I thought the seven-overtime, 146-point thriller between LSU and Texas A&M in 2018 was the peak of free football.
It seemed like the game would never end until Texas A&M quarterback Kellen Mond found Kendrick Rogers to lift the Aggies over the Tigers in the seventh overtime. You could’ve watched about one and an eighth of the “Lord of The Rings” franchise in the same amount of time.
The peak has been surpassed not even three full years later. Everyone knows that when Illinois and Penn State take the field it’s going to be a classic. Boy, did the Fighting Illini and Nittany Lions deliver.
The Big Ten matchup took nine, yes NINE, overtimes to declare a winner. How Illinois and Penn State got there looked different than Texas A&M and LSU’s previous feat due to new overtime rules implemented this year.
Illinois & Penn State’s 9-OT Thriller
The Nittany Lions had every reason to feel confident heading into the game. They were the No. 7 team in the country and fresh off a heartbreaking loss to No. 3 Iowa. Coming off a bye week, a matchup with Illinois at home was the perfect rebound.
Bret Bielema’s Fighting Illini wasn’t going to just roll over. The team has been up and down throughout the regular season — including losing to UTSA a week after beating Big Ten West divisional foe Nebraska — but Bielema knows how the conference works from his time at Wisconsin.
Penn State jumped out to a 10-0 lead before Illinois cut it to 10-7 before halftime. Illinois knocked in a field goal and held the Nittany Lions scoreless in the second half to send the game into overtime.
As Jon Rothstein once said Heath Ledger as the Joker circa 2008 once said: “And Here. We. Go.”
The overtime game started as any would, but once the second overtime started, it took on a different look thanks to the new rules.
What Are the NCAA’s New Overtime Rules?
The college football overtime rules most of us are familiar with were put into place in 1996. They’re pretty simple: Each time gets a possession from its opponent’s 25-yard line. There is no game clock, only a play clock. Teams must attempt two-point conversions after every touchdown starting with the third overtime.
In 2019, probably due to LSU and Texas A&M, a wrinkle was added where teams will run alternating two-point conversion attempts instead of starting with the ball at the 25 starting with the fifth overtime.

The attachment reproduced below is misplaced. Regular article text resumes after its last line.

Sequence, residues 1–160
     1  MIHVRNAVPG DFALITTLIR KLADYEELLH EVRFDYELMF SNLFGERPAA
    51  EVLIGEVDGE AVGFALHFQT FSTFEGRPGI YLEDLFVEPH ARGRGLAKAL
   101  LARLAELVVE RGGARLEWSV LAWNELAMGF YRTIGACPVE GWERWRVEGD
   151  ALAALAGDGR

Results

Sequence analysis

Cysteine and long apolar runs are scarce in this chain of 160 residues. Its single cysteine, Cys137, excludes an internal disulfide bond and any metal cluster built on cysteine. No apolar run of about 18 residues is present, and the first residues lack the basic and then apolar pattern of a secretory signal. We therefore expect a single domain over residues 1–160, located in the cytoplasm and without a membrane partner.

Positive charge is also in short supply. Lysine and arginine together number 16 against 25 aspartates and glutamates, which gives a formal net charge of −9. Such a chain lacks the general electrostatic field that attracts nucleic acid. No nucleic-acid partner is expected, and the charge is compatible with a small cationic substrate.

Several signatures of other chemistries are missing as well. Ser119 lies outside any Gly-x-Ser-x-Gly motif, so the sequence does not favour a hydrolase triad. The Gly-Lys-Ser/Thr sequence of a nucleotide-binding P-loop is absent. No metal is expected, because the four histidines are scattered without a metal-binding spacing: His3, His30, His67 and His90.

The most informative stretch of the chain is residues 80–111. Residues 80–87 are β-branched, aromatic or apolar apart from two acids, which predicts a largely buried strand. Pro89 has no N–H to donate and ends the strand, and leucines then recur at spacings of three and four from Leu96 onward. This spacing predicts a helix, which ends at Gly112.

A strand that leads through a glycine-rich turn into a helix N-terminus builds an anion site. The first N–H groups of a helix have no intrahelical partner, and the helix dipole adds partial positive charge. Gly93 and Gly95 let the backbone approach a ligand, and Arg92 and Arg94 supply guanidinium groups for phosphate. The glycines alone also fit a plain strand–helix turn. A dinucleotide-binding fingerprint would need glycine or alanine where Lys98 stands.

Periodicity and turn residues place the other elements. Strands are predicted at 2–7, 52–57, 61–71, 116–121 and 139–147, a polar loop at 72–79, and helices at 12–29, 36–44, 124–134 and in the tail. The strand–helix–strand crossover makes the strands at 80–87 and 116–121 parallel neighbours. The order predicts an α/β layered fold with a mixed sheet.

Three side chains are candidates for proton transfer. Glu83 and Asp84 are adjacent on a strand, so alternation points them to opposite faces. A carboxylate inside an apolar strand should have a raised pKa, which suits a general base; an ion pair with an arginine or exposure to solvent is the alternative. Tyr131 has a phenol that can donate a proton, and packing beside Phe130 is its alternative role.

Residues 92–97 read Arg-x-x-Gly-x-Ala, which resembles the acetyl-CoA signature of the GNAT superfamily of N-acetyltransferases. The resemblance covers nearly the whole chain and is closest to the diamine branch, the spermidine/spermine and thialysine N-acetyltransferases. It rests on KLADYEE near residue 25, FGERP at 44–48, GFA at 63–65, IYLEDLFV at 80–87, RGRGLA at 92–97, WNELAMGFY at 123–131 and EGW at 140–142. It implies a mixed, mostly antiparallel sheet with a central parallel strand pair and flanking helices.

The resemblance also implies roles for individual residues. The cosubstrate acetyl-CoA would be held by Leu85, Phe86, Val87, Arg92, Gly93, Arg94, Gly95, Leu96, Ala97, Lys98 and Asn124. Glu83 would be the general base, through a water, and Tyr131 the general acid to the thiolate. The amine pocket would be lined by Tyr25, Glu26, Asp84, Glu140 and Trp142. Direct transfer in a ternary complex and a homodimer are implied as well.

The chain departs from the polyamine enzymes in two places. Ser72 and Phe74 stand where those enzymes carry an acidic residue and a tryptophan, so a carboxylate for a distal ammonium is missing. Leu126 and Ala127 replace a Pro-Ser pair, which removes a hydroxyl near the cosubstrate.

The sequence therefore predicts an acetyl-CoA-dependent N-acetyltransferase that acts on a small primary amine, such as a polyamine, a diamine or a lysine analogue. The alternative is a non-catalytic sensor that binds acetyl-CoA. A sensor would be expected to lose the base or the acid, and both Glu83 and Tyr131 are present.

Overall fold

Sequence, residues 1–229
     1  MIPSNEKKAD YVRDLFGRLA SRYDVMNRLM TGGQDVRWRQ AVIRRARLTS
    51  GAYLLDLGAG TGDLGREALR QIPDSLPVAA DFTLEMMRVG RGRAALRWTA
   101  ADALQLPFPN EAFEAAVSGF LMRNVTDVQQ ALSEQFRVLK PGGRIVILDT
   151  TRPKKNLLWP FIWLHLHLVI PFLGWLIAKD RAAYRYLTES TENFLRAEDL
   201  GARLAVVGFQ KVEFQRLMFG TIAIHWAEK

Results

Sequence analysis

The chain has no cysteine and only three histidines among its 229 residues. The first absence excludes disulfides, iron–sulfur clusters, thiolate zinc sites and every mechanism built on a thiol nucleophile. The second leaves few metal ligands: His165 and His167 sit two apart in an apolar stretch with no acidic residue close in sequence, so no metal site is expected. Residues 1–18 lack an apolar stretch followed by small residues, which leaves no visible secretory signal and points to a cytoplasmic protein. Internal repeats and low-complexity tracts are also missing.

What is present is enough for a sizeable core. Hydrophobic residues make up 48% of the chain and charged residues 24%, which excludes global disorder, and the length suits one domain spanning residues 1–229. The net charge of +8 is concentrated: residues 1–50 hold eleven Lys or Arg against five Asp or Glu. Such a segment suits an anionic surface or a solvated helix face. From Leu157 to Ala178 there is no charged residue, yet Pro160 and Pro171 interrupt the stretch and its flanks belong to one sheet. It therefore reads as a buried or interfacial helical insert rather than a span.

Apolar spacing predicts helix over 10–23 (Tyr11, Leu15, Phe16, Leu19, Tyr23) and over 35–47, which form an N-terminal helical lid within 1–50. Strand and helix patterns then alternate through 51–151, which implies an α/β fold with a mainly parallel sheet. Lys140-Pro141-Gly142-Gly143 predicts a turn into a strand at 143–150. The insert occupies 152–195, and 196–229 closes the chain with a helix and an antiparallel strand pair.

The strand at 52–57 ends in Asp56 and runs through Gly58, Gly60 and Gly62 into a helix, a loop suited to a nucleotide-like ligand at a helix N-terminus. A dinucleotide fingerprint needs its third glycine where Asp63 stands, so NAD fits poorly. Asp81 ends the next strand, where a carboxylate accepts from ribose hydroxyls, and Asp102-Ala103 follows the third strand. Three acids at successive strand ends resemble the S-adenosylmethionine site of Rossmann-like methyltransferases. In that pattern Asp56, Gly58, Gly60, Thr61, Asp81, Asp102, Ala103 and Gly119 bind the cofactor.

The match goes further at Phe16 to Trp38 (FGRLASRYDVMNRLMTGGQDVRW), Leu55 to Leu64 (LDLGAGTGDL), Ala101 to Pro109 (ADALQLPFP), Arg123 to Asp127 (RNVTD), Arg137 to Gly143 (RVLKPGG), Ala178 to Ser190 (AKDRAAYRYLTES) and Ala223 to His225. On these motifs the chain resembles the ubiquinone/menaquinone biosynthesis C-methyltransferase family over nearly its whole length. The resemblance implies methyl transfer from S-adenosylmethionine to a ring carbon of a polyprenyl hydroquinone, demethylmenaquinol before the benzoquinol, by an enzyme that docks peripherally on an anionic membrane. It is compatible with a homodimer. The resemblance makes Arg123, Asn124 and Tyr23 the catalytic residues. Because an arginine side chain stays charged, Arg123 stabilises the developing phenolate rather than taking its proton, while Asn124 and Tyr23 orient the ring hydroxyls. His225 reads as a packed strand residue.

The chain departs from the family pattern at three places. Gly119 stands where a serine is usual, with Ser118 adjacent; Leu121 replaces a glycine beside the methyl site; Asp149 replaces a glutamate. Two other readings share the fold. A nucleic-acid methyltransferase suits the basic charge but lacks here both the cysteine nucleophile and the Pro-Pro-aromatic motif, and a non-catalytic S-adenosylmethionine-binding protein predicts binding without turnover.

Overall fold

Then, before this season, the rules were changed again. Teams are required to run two-point conversions after touchdowns in the second overtime instead of the third. The alternating two-point conversion attempts were also moved up to the third overtime instead of the fifth.
In theory, this would condense the extra periods. As Illinois and Penn State showed us, it made for one wacky ending where no one could find the end zone.
After going scoreless in the first overtime, both teams converted field goals in the second overtime to tie the game at 16. We then went five overtimes where neither team converted a two-point conversion. Illini quarterback Brandon Peters found Isiah Williams to take an 18-16 lead in the eighth overtime. Penn State running back Noah Cain answered.
Illinois broke up a pass from PSU QB Sean Clifford in the ninth overtime to give itself a chance for the upset win. Peters rolled to his right and hit wide receiver Casey Washington in the end zone to seal the deal.
20-18 Illinois. Happy Valley was shell-shocked.
Illinois pulling off the upset win is notable by itself, but the thriller will be remembered as the longest game in college football history in terms of most overtime periods. It had to be the longest five hours of every Penn State fan’s life.
It took place on a weekend where Eli Manning‘s number was retired at Ole Miss, Tennessee hung with Alabama for a hot second, Kansas almost shocked Oklahoma, Cincinnati survived Navy, Oregon narrowly beat UCLA, Oklahoma State fell to Iowa State, Ohio State crushed Indiana and Georgia had the week off to prepare for Florida.
5 Longest College Football Games in NCAA History
1. 2021: Illinois 20, Penn State 18 — 9OT
T2. 2018: Texas A&M 74, LSU 72 — 7OT
T2. 2017: Western Michigan 71, Buffalo 68 — 7OT
T2. 2006: North Texas 25, FIU 22 — 7OT
T2: 2003: Arkansas 71, Kentucky 63 — 7OT